Residential is the sector to be in, delegates heard at Real Asset Media’s European Residential Investment Briefing, which was held at TaylorWessing UK’s headquarters in London last week.
‘Now one euro in four invested in real estate is spent on some form of residential,’ said Marcus Cieleback, Chief Economist, Patrizia Immobilien. ‘Ten years ago it was half that amount’.
The sector gives investors a lot of choice, as it has diversified greatly encompassing ‘cradle to grave’ solutions, from nurseries and student housing to the private rented sector and micro living all the way to care homes, assisted living and senior housing.
The driving force of demand is the urbanisation trend, which looking ahead will continue to drive people, especially the young, into the cities.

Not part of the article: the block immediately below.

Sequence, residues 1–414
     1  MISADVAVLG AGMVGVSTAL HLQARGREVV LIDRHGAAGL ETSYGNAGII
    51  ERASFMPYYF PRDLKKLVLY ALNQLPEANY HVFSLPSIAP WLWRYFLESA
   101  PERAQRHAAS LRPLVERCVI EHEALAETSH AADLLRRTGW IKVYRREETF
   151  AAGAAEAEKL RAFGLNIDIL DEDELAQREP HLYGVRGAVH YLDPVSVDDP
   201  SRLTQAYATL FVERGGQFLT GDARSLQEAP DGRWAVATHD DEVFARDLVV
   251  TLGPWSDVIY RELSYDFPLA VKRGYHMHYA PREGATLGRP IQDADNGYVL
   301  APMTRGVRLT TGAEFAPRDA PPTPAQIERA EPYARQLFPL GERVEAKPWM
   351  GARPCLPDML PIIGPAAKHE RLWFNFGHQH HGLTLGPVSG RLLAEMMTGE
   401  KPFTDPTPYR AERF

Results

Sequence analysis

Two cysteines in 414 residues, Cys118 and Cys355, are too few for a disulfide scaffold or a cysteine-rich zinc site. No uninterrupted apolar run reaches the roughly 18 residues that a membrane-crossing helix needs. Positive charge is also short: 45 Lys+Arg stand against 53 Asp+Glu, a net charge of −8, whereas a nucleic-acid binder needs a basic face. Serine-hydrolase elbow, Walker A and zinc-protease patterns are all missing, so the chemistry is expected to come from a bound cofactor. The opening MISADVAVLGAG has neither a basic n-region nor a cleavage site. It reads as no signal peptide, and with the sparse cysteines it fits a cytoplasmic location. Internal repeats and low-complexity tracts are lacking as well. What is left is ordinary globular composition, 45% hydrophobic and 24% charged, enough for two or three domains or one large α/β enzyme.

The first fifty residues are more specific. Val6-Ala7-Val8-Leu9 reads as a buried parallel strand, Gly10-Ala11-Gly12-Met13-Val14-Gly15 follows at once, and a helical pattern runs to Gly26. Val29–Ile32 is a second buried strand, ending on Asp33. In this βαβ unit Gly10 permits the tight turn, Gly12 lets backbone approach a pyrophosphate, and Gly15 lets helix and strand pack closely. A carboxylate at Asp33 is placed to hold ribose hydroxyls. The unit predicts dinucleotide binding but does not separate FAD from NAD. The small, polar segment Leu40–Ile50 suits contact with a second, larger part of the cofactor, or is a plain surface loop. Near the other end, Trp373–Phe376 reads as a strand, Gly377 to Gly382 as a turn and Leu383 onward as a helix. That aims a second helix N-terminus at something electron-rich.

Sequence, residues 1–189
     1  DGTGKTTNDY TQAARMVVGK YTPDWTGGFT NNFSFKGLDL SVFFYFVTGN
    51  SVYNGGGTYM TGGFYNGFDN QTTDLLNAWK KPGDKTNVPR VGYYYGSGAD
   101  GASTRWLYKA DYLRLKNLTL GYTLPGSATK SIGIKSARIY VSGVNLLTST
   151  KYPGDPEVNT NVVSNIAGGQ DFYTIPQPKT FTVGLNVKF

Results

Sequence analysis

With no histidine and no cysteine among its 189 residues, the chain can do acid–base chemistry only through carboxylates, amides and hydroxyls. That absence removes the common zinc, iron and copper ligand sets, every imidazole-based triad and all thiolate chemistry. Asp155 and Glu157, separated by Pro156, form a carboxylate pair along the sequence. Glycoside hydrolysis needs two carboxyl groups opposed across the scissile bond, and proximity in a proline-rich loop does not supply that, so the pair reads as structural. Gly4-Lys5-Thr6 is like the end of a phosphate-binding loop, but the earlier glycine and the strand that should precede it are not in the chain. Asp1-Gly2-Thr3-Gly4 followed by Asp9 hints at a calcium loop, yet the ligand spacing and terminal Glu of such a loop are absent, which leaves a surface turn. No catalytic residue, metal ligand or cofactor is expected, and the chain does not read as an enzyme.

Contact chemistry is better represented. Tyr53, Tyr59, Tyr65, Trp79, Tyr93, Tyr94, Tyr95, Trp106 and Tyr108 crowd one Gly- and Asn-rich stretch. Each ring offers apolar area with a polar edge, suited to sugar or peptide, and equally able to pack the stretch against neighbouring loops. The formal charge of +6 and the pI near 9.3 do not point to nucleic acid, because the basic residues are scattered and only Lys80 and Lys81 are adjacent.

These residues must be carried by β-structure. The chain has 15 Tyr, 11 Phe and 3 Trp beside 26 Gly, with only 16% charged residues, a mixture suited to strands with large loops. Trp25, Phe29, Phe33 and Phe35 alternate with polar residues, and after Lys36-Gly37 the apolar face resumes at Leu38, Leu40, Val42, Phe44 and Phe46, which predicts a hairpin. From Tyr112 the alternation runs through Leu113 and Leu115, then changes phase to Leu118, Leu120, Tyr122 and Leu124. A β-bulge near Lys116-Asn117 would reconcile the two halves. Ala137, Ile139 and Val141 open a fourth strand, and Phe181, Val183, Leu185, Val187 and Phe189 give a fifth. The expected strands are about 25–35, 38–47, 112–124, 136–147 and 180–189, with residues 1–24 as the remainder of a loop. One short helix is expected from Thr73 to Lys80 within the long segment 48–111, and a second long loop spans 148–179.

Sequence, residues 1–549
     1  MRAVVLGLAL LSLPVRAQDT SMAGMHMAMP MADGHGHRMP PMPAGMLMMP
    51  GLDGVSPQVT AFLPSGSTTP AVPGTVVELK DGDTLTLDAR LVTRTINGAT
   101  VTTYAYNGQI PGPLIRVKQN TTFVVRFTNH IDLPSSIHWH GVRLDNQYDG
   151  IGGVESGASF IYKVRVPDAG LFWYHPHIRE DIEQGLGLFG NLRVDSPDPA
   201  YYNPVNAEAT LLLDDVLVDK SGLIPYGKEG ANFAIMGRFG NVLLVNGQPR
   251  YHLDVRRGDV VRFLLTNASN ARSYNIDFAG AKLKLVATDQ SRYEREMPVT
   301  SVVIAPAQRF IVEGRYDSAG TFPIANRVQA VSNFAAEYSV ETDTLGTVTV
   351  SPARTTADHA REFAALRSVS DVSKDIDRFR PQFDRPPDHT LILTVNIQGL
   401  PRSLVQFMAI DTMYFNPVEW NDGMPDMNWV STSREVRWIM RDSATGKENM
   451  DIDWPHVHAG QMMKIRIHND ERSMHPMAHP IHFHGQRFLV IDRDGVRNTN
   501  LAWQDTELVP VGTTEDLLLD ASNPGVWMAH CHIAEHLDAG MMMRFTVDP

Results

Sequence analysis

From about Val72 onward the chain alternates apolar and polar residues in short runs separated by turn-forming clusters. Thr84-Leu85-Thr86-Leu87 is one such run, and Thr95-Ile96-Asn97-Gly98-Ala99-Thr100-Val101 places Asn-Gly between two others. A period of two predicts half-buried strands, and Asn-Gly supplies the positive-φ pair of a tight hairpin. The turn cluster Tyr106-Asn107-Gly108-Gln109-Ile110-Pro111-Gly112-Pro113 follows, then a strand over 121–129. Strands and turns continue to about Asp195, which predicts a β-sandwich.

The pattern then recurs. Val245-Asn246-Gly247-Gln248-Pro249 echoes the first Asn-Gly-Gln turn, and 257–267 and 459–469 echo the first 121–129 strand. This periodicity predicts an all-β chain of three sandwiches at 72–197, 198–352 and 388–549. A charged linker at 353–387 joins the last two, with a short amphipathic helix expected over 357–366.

‘Until recently only private rentals were available, but the institutional side of PRS has really come up recently, while owner occupancy rates have been dropping,’ Cieleback said. ‘There are large numbers of new renters, like young professionals, who will not buy’.
Some cannot buy because prices are high and they cannot get a mortgage, while some choose not to because they want to be flexible and mobile.
‘The residential story is all about cities rather than countries,’ he said. ‘In order to pick the winning cities, you have to get a complete picture by looking at attractiveness but also at liquidity. Luxembourg, for example, is economically attractive but it has zero liquidity, because it is hard to find an asset, while Berlin is the most liquid city in Europe’.
Rising demand has led to a response from developers and construction activity has picked up in some countries. However, the gap between supply and demand is not going to be filled anytime soon.
‘Completions are rising in a lot of countries in Europe, but nowhere near the levels just before the financial crisis’ he said. ‘In order to increase supply significantly, housing construction would need to be at 1% of existing stock, while the average now is 0.7%. So there is absolutely no need to fear oversupply’.